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@JustinMcClanahan

Hello @abbyd13, I'd like to add my welcome to @rubywitch67's. Ruby asked some good questions here. Was there any more explanation as to why you are not supposed to exercise? Were you referred to another physician or cardiologist to investigate the heart rate in more depth? Here is an interesting excerpt from Mayo Clinic's page on Bradycardia:

"Bradycardia is a slower than normal heart rate. The hearts of adults at rest usually beat between 60 and 100 times a minute. If you have bradycardia (brad-e-KAHR-dee-uh), your heart beats fewer than 60 times a minute. Bradycardia can be a serious problem if the heart doesn't pump enough oxygen-rich blood to the body. For some people, however, bradycardia doesn't cause symptoms or complications."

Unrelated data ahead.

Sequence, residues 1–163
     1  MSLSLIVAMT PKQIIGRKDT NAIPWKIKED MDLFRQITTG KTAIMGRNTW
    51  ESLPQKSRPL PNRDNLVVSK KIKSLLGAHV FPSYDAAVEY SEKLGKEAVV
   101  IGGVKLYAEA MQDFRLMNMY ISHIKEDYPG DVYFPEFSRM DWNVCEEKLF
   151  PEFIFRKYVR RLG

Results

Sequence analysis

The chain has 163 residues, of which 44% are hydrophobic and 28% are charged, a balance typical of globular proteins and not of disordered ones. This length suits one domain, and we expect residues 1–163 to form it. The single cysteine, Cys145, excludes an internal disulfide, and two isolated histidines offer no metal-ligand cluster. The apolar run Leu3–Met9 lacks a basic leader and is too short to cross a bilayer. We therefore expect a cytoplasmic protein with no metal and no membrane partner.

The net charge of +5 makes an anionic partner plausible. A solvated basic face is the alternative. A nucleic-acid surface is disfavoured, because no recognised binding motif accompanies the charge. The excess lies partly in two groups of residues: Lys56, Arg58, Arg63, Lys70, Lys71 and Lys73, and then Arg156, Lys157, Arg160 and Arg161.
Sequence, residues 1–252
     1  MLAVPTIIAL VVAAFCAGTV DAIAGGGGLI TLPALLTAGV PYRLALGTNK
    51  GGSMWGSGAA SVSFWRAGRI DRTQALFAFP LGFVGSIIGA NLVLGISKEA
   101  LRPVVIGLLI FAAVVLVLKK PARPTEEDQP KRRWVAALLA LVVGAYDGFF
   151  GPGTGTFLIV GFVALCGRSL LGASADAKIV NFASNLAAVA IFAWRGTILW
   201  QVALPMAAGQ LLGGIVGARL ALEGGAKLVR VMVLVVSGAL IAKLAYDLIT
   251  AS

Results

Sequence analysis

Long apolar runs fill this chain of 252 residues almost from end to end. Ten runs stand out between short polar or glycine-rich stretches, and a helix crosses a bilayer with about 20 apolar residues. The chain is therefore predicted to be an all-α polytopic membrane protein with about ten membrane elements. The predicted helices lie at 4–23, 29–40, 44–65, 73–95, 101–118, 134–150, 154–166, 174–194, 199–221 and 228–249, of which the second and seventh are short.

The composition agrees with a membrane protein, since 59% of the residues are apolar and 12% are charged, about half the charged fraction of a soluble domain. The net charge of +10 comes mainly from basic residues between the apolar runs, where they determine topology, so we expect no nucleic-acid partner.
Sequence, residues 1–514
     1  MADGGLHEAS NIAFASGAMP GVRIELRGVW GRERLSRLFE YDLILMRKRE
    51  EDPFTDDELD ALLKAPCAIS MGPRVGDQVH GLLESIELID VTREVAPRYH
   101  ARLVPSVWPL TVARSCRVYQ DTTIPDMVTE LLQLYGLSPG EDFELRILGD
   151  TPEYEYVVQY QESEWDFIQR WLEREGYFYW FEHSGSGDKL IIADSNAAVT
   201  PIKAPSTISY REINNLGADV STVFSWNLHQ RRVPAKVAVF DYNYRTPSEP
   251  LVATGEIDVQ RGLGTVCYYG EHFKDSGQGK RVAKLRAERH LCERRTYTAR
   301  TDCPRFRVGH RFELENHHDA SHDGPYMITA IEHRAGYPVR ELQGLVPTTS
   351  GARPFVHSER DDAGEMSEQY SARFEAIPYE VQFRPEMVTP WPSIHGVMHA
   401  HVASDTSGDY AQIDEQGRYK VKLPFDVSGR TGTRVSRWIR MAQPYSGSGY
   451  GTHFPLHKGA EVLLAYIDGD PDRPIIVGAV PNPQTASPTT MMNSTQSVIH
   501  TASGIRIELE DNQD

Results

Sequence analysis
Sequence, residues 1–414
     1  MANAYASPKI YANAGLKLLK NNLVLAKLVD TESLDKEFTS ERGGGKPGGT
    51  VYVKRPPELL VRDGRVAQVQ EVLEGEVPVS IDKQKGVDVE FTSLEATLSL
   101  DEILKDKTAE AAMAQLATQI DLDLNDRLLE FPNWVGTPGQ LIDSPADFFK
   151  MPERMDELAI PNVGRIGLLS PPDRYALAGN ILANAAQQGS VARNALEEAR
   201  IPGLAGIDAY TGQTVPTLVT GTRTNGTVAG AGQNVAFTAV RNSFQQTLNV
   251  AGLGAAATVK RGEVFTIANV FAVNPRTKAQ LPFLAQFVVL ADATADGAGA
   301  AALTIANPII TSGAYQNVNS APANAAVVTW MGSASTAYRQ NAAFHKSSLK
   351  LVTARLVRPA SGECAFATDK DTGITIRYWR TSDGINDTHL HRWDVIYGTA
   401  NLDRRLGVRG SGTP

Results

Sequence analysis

It goes on to say, "A resting heart rate slower than 60 beats a minute is normal for some people, particularly healthy young adults and trained athletes. For them, bradycardia isn't considered a health problem."
https://www.mayoclinic.org/diseases-conditions/bradycardia/symptoms-causes/syc-20355474
@abbyd13, in addition to Ruby's questions, did your provider mention the term bradycardia at all?

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Thanks for your response. I actually stumbled upon the term myself and have mentioned it to them, but they are convinced the only thing resulting in my low HR is my diet. I mentioned some more details in my response to @rubywitch67

Liked by lucky1038

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@abbyd13

Thanks for your response. I actually stumbled upon the term myself and have mentioned it to them, but they are convinced the only thing resulting in my low HR is my diet. I mentioned some more details in my response to @rubywitch67